Is sugar our enemy? Probably yes, especially added sugar. And nutrition guru Brooke Alpert, founder of B Nutritious, thinks so, too. Brooke is a registered dietitian and nutritionist, as well as co-author of the book The Sugar Detox (Da Capo, 2013).
I had the opportunity to do an email interview with Brooke. Here are my questions and her responses.
Diet Detective: Let me jump right in and ask why and how you became a foodie and/or health advocate?
Brooke: I think I've always been a foodie and, to be honest, always a bit of a jock, too. But it wasn't until I started struggling with my own health and digestive issues that I went to see a registered dietitian and realized I was in the wrong profession. I signed up for school and left my job at Vogue within a year of my first appointment.
Diet Detective: Can a person really be addicted to sugar?
Brooke: I absolutely think sugar is addicting. In fact, its hold on us is so strong that cravings and withdrawal symptoms from sugar are equal to, if not worse than from some major hard-core drugs, like cocaine. Many of my clients think they don't have a sweet tooth so sugar isn't a problem for them. They just don't realize that all the white flour and refined grains they're craving regularly are really the same as sugar.
Diet Detective: Fat, ugly and old? Is that what sugar makes us?
Brooke: Sugar basically causes us to age prematurely. All the extra sugar floating around in our bloodstream from consuming too much needs to go somewhere. So it attaches to protein molecules, mainly collagen and elastin. These protein molecules are mainly responsible for keeping our skin youthful and supple, but when sugar attaches to them it begins a process called glycation. When glycation occurs it produces what are aptly known as AGEs, or advanced glycation end products. These AGEs cause the collagen and elastin molecules to become brittle and stiff, and that leads to more fine lines in our skin, more sagging and drooping. Basically, sugar causes AGEs, which make us look old.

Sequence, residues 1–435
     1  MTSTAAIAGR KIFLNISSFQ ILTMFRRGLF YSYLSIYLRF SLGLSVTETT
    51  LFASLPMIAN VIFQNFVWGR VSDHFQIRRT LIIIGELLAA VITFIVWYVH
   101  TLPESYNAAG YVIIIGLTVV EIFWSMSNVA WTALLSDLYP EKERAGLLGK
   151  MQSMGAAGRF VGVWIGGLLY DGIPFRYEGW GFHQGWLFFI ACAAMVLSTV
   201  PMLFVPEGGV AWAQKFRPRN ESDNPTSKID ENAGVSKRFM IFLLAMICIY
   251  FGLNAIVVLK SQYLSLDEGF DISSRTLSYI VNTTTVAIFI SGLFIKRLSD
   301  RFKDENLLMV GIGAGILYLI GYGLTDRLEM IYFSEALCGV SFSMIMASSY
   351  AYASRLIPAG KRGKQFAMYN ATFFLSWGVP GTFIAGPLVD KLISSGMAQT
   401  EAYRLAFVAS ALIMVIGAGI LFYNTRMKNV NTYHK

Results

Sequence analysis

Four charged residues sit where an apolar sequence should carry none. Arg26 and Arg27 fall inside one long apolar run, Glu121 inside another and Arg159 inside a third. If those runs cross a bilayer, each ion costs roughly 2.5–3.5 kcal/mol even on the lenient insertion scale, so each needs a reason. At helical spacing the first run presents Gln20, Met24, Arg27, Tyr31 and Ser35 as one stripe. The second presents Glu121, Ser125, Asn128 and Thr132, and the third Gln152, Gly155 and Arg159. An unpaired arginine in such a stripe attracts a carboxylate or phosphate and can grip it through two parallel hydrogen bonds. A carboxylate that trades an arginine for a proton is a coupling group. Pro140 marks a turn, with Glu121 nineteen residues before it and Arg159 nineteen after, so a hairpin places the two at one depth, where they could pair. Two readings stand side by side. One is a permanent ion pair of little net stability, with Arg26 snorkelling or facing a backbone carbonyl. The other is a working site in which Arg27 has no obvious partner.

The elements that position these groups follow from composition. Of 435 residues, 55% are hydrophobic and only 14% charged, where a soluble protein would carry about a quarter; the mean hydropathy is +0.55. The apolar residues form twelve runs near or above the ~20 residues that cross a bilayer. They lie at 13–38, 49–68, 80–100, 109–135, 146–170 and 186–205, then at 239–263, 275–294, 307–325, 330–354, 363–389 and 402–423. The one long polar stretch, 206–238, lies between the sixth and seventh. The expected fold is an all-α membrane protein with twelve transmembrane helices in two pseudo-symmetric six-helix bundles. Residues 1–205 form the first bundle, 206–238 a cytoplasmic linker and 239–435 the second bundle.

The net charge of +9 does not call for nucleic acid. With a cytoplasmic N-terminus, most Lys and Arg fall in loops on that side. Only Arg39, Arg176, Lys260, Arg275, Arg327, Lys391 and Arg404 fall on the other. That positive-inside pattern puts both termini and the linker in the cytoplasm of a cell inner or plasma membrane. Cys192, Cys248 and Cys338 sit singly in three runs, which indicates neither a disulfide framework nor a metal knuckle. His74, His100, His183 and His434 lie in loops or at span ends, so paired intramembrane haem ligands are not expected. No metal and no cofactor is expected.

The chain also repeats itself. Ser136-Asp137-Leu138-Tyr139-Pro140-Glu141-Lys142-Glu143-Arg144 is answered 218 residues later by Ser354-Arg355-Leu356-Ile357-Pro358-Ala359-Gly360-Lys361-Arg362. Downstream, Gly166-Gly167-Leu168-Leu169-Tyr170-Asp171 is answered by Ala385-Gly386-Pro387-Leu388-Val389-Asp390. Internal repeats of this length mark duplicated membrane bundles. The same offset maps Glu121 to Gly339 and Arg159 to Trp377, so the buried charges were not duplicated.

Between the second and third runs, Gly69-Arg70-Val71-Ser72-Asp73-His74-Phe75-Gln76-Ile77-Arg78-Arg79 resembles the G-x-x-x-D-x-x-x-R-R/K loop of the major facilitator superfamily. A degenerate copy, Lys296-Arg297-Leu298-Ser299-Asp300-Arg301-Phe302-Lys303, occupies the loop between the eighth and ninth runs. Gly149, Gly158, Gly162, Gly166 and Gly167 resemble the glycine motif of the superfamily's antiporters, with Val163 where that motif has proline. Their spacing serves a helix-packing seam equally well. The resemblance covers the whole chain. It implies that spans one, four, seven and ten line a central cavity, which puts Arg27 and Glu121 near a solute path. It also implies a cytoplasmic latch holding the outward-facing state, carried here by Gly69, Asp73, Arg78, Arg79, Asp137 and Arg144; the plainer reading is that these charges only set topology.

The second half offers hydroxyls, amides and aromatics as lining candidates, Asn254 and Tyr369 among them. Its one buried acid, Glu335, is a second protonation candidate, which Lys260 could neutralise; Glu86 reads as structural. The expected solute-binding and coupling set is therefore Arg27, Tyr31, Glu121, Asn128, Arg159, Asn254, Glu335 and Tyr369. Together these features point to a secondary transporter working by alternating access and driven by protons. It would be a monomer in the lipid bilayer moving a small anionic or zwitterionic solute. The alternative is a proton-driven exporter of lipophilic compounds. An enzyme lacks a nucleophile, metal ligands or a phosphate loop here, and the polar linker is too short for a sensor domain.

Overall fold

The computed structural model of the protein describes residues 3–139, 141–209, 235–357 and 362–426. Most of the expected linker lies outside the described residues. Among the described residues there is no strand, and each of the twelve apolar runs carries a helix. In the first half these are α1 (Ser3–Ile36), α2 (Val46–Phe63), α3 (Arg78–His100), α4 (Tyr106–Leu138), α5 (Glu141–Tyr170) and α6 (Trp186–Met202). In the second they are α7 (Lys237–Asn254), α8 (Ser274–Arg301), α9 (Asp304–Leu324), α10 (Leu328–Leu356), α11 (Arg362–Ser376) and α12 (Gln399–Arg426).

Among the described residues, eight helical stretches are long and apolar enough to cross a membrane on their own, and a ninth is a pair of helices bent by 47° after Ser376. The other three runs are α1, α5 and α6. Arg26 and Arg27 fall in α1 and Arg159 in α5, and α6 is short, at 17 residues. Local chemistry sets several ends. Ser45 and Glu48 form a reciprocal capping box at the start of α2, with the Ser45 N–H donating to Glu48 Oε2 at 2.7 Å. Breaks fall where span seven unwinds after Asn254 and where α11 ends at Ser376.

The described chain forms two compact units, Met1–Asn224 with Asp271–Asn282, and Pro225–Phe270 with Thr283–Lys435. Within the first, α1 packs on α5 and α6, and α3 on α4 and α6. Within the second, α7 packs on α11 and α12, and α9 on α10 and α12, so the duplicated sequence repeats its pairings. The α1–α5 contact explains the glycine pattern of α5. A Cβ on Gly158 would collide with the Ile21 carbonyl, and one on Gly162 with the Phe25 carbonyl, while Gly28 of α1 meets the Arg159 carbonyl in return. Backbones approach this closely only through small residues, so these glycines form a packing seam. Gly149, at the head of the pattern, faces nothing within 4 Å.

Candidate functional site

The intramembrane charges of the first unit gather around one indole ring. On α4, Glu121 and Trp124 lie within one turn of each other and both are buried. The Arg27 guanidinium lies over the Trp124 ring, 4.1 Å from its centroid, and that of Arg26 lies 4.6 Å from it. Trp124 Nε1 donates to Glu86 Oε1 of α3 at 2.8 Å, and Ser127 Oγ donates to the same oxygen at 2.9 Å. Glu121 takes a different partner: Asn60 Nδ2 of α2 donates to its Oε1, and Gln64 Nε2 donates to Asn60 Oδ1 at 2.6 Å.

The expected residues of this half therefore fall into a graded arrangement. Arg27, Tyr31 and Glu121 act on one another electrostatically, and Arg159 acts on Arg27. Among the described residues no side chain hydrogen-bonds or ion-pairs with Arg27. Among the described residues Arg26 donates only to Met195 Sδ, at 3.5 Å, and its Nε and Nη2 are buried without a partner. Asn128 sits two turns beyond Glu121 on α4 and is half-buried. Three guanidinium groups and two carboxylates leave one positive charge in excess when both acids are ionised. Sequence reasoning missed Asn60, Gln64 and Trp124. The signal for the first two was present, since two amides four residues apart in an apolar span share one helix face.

Diet Detective: What about fruit?
Brooke: People can easily overeat fruit. We are pro-fruit on the Sugar Detox, but it needs to be the lower-sugar fruit and in proper portions. Too much fruit can affect our waistline and our skin. Obviously, we'd rather you pick up a piece of fruit (of any kind) than a piece of cake or a slice of pizza, but in our diet plan we limit the amount of fruit you have and slowly bring it back in small portions until you complete the 31 days. We say no to bananas, watermelon and pineapple on the Sugar Detox mainly because of their glycemic index and the amount of fructose (fruit sugar) they contain.
Diet Detective: What about whole wheat? There are some experts who say this is not good, either—that it also turns to sugar and is harmful.
Brooke: We bring back whole grains in Week three of the Sugar Detox. The whole-grain products we recommend have no added sugars and contain true whole grains instead of enriched or refined flour. This means they contain more fiber, which allows the sugar to be digested into the body at a slower rate. I also recommend always pairing whole grains with a protein source or a fat source to slow down the absorption of the sugar even more. That way you can have your grains without causing a sugar spike.